What about misogyny? “Animal rights activists that have a problem with humiliating women as part of the direct action strategy are not looked upon favourably within Peta,” one female former volunteer from the UK told me. “There is no room for deviation or disagreement of any sort.”
Poorva Joshipura is Vice President of International Operations for Peta UK. I ask her if she accepts the accusation that the organisation exploits women for its campaigns. Like every Peta supporter I have spoken to, she adamantly rejects the accusation.
“Peta staff always say they are feminists. I certainly am and I do not consider it my business to tell women what to wear. The majority of women around the world do not get worked up about a self-made powerful woman taking her clothes off in order to campaign against animal suffering.”
Peta has a number of links to the pornography industry in the US. Ron Jeremy is one of the biggest names in pornography, having performed in more than 2,000 adult films. He is also a passionate supporter of Peta and lends his name to the campaign to have pets spayed and neutered. Sasha Grey, who has defended pornography as a career choice on national TV, is also a Peta advocate. The website pornstarpetsthemovie.com is dedicated to porn actors’ pets.
In 2008 I spoke to Anita Singh, former campaign organiser of Peta, about another of its campaigns that had upset a number of women. To mark Mothering Sunday, it staged an event to raise awareness about factory farming and the particularly unpleasant technique in which sows are squeezed into narrow metal stalls barely larger than their own bodies. A pregnant member of Peta’s staff knelt on all fours in a metal cage in full view of the central London public.
“Peta’s aim is to alleviate animal suffering,” Singh told me. “It is certain that we never set out to insult or alienate any groups, in fact the opposite, we are trying to reach out to the masses. Using activists who put themselves on the line, who have done the ads, or using a woman’s body to show that animals are made of flesh and blood and bones, just like you, is a very serious point that we are trying to put out, so that people can think of animals as sentient human beings, not just pieces of meat on supermarket shelves.”
But the accusation against Peta is that it does precisely that — portray women as nothing but pieces of meat, even lower down the food chain than the animals it seeks to protect. Singh’s response to this charge is revealing: “As a non-profit organisation we have limited resources. Not all men feel comfortable posing in skimpy underwear, and maybe more women feel sympathetic to our causes.”
Men come in for abuse from Peta too. A recent campaign against fishing targets anglers by suggesting that they, by default, have small penises. A billboard on display in Aberdeen during National Fishing Month last year depicted a man holding a large fishing rod with the strapline, “Stop Fishing. DoAnglersHaveSmallRods.com”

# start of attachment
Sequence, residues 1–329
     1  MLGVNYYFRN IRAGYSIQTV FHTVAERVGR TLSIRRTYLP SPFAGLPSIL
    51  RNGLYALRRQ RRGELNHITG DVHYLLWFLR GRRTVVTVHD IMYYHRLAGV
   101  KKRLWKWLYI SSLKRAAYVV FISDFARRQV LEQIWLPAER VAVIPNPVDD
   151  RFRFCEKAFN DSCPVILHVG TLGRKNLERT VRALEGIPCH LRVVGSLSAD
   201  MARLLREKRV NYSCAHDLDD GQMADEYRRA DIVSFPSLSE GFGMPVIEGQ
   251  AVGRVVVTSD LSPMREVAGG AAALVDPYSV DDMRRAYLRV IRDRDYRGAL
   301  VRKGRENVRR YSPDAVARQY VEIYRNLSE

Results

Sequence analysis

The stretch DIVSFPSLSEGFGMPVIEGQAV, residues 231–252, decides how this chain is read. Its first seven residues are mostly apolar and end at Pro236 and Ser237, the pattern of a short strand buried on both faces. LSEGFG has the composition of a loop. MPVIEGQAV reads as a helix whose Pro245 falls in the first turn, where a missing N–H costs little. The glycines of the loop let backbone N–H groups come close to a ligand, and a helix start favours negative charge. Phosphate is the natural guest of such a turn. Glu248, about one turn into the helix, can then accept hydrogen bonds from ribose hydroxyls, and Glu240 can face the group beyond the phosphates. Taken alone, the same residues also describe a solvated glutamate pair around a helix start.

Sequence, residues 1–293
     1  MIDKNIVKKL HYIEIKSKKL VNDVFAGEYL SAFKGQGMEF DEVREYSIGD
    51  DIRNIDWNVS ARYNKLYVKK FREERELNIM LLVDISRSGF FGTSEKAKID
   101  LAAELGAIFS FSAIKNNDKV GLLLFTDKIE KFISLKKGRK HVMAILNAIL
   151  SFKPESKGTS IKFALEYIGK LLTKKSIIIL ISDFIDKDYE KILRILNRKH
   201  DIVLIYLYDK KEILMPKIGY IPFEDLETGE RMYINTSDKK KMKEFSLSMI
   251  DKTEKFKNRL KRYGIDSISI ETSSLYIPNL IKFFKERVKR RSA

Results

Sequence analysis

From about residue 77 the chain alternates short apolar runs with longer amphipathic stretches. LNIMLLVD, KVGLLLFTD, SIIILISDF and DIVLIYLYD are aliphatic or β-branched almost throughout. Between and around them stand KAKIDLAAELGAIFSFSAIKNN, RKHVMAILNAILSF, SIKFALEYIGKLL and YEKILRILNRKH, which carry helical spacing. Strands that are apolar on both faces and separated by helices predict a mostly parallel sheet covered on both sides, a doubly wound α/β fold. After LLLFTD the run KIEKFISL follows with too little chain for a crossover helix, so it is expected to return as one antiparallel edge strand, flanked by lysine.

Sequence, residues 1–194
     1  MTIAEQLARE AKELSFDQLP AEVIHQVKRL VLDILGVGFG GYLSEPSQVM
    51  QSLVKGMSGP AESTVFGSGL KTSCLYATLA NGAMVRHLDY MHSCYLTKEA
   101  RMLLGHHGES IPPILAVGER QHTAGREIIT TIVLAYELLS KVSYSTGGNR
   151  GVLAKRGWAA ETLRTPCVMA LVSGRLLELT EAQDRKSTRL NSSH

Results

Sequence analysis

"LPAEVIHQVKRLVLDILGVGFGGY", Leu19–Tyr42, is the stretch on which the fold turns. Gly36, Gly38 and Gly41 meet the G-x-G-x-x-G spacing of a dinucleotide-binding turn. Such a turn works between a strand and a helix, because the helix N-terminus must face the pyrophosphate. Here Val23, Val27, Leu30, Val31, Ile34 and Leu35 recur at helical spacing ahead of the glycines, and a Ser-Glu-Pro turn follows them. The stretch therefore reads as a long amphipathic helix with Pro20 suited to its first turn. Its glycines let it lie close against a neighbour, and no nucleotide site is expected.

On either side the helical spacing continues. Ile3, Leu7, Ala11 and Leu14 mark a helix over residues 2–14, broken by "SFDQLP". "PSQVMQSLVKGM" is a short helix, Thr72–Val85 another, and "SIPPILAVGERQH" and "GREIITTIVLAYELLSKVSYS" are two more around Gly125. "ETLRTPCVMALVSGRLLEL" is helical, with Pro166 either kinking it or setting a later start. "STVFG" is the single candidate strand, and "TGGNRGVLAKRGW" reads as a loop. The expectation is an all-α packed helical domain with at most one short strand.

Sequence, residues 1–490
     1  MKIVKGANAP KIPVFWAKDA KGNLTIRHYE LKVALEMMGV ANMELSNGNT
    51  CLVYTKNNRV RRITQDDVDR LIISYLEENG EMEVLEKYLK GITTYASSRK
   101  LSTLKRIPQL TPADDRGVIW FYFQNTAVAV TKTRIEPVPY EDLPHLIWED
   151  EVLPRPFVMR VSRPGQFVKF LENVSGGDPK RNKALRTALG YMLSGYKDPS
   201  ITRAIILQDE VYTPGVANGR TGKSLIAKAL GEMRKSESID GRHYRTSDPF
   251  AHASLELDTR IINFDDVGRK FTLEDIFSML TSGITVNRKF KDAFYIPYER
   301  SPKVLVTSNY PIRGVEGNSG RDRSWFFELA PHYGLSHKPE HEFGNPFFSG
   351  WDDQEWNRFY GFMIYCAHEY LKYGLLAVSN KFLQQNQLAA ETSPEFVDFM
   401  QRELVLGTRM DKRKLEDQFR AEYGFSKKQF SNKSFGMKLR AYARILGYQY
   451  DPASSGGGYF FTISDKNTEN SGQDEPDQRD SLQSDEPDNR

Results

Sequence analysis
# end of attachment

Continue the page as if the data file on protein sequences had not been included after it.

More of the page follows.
Every year Peta produces a spoof of the State of the Union Address, re-branding it “the State of the Union Undress.” This unfunny satire appears to apologise for terrorist tactics. Peta Vice President of Policy Bruce Friedrich is notorious for once telling an animal rights convention that “blowing stuff up and smashing windows” is “a great way to bring about animal liberation,” adding, “Hallelujah to the people who are willing to do it.”
What about the claims that Peta euthanises animals? “Well, we are not an animal shelter,” says Friedrich. “If we did not euthanise those who are ill-treated they would suffer more in life, being chained to a fence or freezing to death.”
According to public records from the Virginia Department of Agriculture and Consumer Services, Peta euthanised 2,124 pets in 2009 and gave fewer than ten to adoptive homes. Since 1998, a total of 21,339 dogs and cats have died in this way, making it more like a slaughterhouse than an animal rights campaign. It spends part of its $30 million-plus annual income on a contract with a crematory service in the US to empty periodically hundreds of animal bodies from its large walk-in freezer.
Carol J. Adams is a globally renowned animal liberationist and author of the seminal text, The Sexual Politics of Meat: A Feminist-Vegetarian Critical Theory. I ask her which particular Peta campaign enrages her more. “Whichever is its current campaign that uses women’s almost naked bodies, women stripping, women being debased on behalf of animals (in cages, cut up like meat), and women being used sexually to communicate a message about animals — that is the one that is the most offensive.”
Shock tactics can be justified — if they are relevant. I remember the days when Peta’s promotional material contained sickening and horrifying images of animal testing. It would appear that the visibility, acceptance, and funding of Peta has vastly increased since they exchanged monkeys with half-open skulls for Pamela Anderson wearing lettuce. I have spoken to feminists who are angrier at Peta than at Playboy or Hustler.
But Peta has never been known to apologise to its critics. Recently Peta sued one animal rights organisation that publicly criticised it — Friends of Animals — and effectively shut it down.
“Peta seems to be waging a war on almost everyone but their own members,” says a former US employee, who tells me that he regularly received threats on his blog for criticising Peta. “They spread hatred — towards parents who let their kids eat meat, to people who work in factories out of total necessity. They are like a cult.”
“You can see how much like a cult they are by the fact they can so easily persuade their employees and volunteers to take part in the most ridiculous stunts,” another former female US employee told me, “often in the baking heat, semi-undressed, or just looking like total idiots while most of the general public walk past thinking, ‘There go those Peta idiots again.'”
Peta makes a virtue of bad taste and its founder Ingrid Newkirk boasts of being a “media slut”. But she went beyond mere vulgarity when she compared the killing of animals for food with the Holocaust: “Six million people died in concentration camps,” Newkirk declared, “but six billion chickens die each year in slaughterhouses.” This is the woman who claims to have left a will stipulating that her skin be turned into wallets, her feet into lamp-stands and her flesh eaten. Under her leadership, Peta has adopted the fanatical language and methods of a cult. Campaigning against inhumanity to animals can never justify inhumanity to man, and especially woman.